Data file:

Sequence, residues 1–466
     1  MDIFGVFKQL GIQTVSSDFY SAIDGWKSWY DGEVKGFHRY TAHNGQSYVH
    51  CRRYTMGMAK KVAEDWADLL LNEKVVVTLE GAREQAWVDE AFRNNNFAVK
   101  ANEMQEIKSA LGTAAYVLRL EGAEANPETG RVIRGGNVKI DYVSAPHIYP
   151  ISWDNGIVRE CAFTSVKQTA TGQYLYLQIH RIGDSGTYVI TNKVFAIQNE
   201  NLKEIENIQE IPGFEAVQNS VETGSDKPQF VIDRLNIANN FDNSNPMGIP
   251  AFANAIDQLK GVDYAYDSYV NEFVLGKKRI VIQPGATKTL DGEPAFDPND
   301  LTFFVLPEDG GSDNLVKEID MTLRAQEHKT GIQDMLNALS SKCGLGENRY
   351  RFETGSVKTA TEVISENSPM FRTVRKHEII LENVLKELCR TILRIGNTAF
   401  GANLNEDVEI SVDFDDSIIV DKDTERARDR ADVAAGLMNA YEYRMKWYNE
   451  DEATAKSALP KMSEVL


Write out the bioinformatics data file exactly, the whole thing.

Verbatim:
Sequence, residues 1–466
     1  MDIFGVFKQL GIQTVSSDFY SAIDGWKSWY DGEVKGFHRY TAHNGQSYVH
    51  CRRYTMGMAK KVAEDWADLL LNEKVVVTLE GAREQAWVDE AFRNNNFAVK
   101  ANEMQEIKSA LGTAAYVLRL EGAEANPETG RVIRGGNVKI DYVSAPHIYP
   151  ISWDNGIVRE CAFTSVKQTA TGQYLYLQIH RIGDSGTYVI TNKVFAIQNE
   201  NLKEIENIQE IPGFEAVQNS VETGSDKPQF VIDRLNIANN FDNSNPMGIP
   251  AFANAIDQLK GVDYAYDSYV NEFVLGKKRI VIQPGATKTL DGEPAFDPND
   301  LTFFVLPEDG GSDNLVKEID MTLRAQEHKT GIQDMLNALS SKCGLGENRY
   351  RFETGSVKTA TEVISENSPM FRTVRKHEII LENVLKELCR TILRIGNTAF
   401  GANLNEDVEI SVDFDDSIIV DKDTERARDR ADVAAGLMNA YEYRMKWYNE
   451  DEATAKSALP KMSEVL